Interior designers and garden clubs deck the halls of the Vanderbilt Mansion in Centerport each year, and hundreds of visitors see the delightful results beginning the day after Thanksgiving.

The 24-room Spanish Revival house — listed on the National Register of Historic Places — is enhanced with garland, holly, 10 elegantly ornamented trees, poinsettias, brightly wrapped packages, greens and pine cones from the Vanderbilt estate and an enchanting atmosphere of early- and mid-twentieth century holiday cheer.

Lance Reinheimer, executive director of the museum, said, “We’re grateful to these imaginative decorators, who generously donate their time and talent to create an atmosphere of charming holiday grandeur and sophisticated living. They bring magic to this historic house.”

Participating this year were the Dix Hills, Centerport, Honey Hills, Nathan Hale and Three Village garden clubs; Harbor Homestead & Co. Design; and the master gardeners of the Cornell University Cooperative Extension. All have participated in the project for many years.

Artists and garden specialists from the Three Village Garden Club (representing Old Field, Setauket and Stony Brook) decorated the spacious, paneled Vanderbilt library and its tree. Beneath the tree are faux gifts wrapped with bright papers, foils and ribbons. Ornate, two-foot, stylized silver trees adorn the fireplace.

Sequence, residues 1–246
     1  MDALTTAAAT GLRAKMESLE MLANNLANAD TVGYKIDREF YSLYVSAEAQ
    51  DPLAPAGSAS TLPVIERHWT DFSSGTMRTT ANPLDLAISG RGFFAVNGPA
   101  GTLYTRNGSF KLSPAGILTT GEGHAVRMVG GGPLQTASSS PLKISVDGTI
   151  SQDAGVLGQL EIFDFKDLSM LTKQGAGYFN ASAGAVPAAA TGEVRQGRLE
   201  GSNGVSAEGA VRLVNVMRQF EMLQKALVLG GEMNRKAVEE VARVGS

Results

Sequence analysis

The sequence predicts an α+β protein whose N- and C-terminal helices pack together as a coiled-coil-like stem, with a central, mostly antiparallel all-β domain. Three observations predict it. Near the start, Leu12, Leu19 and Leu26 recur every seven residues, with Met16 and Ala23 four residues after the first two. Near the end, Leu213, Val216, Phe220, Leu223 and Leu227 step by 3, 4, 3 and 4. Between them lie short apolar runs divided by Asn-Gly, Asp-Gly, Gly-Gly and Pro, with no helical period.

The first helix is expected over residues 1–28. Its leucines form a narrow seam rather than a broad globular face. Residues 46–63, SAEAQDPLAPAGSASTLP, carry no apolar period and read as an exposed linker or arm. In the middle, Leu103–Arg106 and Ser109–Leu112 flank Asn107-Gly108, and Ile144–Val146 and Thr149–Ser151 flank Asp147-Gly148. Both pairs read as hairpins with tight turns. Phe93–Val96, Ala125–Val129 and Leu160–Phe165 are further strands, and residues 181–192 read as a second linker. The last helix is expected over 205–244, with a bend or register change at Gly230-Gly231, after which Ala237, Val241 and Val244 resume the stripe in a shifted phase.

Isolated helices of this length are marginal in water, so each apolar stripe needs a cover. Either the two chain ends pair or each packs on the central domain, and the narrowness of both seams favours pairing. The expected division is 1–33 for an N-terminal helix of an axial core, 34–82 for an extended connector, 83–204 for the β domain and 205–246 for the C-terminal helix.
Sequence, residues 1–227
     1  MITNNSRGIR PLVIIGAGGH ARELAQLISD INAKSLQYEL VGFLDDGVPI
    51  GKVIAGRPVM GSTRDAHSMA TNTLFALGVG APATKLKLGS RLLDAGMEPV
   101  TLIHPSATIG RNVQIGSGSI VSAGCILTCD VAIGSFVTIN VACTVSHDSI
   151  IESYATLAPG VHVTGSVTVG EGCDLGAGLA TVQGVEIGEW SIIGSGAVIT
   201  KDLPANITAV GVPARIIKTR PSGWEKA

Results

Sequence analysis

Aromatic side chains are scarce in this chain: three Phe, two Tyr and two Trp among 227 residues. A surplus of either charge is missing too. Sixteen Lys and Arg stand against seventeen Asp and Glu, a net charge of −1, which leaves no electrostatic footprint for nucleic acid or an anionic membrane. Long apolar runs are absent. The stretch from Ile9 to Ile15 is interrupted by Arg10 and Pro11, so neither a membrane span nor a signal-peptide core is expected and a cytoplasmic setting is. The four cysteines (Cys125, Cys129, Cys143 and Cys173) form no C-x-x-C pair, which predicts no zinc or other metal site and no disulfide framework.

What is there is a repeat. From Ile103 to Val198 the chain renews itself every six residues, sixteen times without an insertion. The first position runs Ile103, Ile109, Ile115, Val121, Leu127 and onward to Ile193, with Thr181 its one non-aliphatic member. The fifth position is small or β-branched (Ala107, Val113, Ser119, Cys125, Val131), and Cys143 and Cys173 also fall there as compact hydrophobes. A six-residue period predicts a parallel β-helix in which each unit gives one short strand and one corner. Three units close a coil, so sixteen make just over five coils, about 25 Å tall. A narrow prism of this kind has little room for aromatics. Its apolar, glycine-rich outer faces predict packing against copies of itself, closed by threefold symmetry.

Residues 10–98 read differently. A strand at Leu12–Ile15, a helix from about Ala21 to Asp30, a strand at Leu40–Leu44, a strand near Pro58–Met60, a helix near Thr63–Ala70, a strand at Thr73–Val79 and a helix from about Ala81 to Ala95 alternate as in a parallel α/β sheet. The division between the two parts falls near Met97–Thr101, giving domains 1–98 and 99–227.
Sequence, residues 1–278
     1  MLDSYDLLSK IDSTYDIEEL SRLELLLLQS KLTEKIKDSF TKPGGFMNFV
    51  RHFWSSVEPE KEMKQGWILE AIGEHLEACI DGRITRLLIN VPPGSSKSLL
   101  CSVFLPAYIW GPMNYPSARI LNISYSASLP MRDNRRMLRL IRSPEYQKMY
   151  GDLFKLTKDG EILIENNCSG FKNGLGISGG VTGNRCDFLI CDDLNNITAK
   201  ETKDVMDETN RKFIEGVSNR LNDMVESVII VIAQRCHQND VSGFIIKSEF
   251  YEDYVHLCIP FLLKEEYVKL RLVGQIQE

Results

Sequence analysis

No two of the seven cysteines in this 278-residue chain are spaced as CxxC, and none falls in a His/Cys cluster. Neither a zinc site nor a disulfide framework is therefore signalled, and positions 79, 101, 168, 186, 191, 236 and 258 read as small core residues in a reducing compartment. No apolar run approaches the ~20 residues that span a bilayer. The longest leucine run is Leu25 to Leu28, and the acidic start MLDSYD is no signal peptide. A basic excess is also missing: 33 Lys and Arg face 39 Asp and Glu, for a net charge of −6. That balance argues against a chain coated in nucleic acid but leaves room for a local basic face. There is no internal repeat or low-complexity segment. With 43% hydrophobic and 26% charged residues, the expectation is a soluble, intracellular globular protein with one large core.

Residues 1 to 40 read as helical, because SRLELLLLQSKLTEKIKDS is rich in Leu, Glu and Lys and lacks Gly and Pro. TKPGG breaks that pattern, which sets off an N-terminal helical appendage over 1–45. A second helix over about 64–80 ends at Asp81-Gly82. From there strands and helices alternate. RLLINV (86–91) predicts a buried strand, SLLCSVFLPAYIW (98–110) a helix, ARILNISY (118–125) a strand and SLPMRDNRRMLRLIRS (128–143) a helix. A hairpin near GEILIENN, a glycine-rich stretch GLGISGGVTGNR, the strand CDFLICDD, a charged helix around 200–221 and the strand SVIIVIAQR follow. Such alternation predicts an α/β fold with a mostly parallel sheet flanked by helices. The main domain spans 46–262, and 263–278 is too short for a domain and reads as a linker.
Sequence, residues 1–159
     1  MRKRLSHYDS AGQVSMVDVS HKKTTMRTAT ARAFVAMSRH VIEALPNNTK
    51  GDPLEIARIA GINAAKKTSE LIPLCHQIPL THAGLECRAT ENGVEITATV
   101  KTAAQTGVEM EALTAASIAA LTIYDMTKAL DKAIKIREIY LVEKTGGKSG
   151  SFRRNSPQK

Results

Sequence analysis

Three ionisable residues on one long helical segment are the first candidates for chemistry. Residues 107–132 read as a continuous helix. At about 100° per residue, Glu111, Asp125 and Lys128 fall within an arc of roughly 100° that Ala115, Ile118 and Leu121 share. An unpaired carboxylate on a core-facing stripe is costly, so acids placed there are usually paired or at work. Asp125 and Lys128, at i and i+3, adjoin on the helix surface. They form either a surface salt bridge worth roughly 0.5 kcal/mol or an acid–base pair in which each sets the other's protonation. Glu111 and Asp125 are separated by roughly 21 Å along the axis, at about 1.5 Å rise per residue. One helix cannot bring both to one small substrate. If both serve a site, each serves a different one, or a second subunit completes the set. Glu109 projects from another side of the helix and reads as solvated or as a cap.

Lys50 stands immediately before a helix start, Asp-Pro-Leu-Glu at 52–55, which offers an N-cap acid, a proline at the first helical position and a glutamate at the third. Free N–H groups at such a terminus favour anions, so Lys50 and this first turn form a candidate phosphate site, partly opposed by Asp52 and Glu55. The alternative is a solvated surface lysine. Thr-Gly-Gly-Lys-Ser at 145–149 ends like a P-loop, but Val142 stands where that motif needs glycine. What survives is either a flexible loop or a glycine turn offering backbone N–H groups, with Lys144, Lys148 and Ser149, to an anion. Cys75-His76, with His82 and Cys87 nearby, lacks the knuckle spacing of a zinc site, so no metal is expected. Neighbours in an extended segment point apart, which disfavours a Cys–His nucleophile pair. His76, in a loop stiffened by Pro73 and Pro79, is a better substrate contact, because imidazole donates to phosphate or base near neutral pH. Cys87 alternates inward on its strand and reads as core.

“We trimmed the tree with gold and copper ornament balls and with strands of clear, multi-faceted stones to reflect the light from the small white bulbs,” said Joann Canino of the Three Village Garden Club. “The white poinsettias used as ornaments suggest doves, a symbol of peace. We also placed white poinsettias with silver bows on the mantel of the library’s large fireplace.

“The Vanderbilt Mansion is an architectural celebration. It’s one of those grand houses that has a warm, family feeling. Our club is pleased to be part of dressing it up for the holidays. It’s great fun.”

Mary Schlotter and daughter Krishtia McCord, both of Centerport, decorated the bedroom of William K. Vanderbilt II, and the Moroccan Court next to the Vanderbilt library. They operate the Harbor Homestead & Co. design firm.

For the past several years, Schlotter also has been among the designers invited to decorate The White House for the holidays, the Fourth of July and Halloween.